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Video device convergence forces Skype to embrace H.264

Skype (opens in new tab) will support the H.264 format to be a player on converged devices ranging from connected TV sets to smart phones and tablet PCs.

Peter Parkes, Skype’s “blogger-in-chief,” wrote online that the change will enable Skype’s Apple iPhone users to chat with friends on TVs and other connected devices. The company is rapidly extending its reach beyond the PC and expanding the number of devices consumers can use its video chat service on.

Since early last year, Skype has been working to enable users to connect Web cams to Internet-connected TVs from manufacturers like Panasonic and Samsung, making the service available to users in their living rooms. At the same time, Skype has been aggressively positioning itself to dominate the mobile market, releasing an updated app that enables iPhone owners to use those devices’ forward-facing cameras to video chat with each other. The company is also aggressively hiring personnel to support other mobile platforms.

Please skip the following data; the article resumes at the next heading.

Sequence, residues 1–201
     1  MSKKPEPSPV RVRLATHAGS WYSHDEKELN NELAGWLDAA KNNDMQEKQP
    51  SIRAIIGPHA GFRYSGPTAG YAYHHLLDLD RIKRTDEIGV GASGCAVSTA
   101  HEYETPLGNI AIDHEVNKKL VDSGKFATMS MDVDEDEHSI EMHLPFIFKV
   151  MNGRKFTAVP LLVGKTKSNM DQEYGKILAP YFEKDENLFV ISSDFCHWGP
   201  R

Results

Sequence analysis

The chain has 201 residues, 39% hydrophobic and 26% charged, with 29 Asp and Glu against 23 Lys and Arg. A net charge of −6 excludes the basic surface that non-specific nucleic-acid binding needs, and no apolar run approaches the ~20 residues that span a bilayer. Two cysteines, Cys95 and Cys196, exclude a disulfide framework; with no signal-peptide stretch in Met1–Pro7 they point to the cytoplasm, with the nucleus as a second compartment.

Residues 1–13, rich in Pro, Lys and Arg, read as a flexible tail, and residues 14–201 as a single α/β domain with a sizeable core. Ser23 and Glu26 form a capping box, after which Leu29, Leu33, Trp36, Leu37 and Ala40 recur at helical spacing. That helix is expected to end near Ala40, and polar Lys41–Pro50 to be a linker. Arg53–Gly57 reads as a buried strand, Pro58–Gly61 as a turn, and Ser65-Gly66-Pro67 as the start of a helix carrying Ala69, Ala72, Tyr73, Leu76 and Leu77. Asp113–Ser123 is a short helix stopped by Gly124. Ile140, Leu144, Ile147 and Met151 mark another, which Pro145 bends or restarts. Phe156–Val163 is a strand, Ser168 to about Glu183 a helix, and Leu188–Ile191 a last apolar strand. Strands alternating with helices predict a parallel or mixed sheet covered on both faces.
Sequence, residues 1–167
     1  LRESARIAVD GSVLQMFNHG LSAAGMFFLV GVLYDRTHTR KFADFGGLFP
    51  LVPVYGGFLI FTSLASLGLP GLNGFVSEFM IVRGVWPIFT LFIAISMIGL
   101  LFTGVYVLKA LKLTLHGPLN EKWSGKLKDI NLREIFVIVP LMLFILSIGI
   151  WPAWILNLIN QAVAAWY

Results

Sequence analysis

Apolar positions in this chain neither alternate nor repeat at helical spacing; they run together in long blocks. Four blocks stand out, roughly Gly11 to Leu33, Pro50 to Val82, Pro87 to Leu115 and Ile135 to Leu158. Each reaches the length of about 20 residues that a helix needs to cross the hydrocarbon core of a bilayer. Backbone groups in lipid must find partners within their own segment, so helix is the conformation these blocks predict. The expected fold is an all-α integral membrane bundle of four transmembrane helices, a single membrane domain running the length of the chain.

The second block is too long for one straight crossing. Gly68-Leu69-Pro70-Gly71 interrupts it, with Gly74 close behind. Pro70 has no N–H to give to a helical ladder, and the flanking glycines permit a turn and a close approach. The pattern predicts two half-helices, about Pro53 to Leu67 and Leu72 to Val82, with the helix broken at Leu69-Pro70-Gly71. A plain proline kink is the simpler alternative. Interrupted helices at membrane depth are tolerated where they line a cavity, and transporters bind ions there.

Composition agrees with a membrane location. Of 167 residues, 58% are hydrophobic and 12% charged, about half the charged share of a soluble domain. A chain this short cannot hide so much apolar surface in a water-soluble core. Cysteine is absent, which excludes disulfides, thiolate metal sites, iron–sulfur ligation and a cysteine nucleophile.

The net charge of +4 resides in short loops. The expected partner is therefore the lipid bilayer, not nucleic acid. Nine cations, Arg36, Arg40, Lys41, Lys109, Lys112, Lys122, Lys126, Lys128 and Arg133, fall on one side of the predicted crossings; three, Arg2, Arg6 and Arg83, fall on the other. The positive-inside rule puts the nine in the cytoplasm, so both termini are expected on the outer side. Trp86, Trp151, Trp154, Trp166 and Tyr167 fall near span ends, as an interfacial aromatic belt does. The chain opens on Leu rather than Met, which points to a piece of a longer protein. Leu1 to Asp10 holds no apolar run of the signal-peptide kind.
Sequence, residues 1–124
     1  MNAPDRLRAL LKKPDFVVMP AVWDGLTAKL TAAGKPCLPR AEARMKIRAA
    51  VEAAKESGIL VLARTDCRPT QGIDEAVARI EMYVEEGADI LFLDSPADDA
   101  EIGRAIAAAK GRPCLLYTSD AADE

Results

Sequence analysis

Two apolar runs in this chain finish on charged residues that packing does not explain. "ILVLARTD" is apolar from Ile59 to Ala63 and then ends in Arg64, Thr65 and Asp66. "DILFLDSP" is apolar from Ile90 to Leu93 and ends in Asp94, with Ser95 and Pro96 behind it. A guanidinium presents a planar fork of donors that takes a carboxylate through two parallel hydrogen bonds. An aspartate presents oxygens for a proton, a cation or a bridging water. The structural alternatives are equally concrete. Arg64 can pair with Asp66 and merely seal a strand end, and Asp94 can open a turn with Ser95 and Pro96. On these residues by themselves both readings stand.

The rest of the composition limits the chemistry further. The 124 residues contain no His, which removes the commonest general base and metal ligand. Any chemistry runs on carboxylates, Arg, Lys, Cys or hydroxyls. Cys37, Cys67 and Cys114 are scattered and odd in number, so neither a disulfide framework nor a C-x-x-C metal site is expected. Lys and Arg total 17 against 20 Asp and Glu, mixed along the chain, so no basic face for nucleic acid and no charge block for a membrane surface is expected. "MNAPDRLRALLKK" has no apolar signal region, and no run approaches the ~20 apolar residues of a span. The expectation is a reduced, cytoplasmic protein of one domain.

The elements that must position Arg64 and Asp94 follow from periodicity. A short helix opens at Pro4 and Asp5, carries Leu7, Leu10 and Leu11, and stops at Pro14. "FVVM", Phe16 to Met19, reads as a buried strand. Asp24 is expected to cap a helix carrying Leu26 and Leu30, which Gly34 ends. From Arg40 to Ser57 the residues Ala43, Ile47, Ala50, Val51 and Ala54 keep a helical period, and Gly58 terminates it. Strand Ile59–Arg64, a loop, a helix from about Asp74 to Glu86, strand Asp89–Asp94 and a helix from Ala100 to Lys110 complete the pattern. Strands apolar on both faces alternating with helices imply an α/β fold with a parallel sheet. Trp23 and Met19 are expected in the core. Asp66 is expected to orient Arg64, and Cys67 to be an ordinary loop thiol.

Skype’s decision to adopt H.264 was made because it has become the de facto codec for video delivery across a wide range of devices. Due to hardware acceleration built into low-powered devices such as TVs, Blu-ray players and mobile handsets, video publishers have increasingly turned to H.264 for video playback.

H.264 is arguably the best, or only, way to deliver video onto connected TVs and mobile devices. However, a battle is breaking out over the video format used by Web browsers for standards-based HTML5 video playback. While all modern browsers are working to support HTML5 and its video tag, which enables video playback without the need for a proprietary plug-in like Adobe’s Flash Player, browser makers are divided on which video format to support. Microsoft’s Internet Explorer 9 and Apple’s Safari browser have pledged support for H.264, but Google’s Chrome, Mozilla’s Firefox and Opera are backing Google’s open-source WebM format.

Because it’s a desktop application today, Skype doesn’t necessarily have to worry about the format war developing. However, if it plans to create embedded, standards-based video chat applications that run in the browser, it might eventually have to align itself with one format or choose to support both.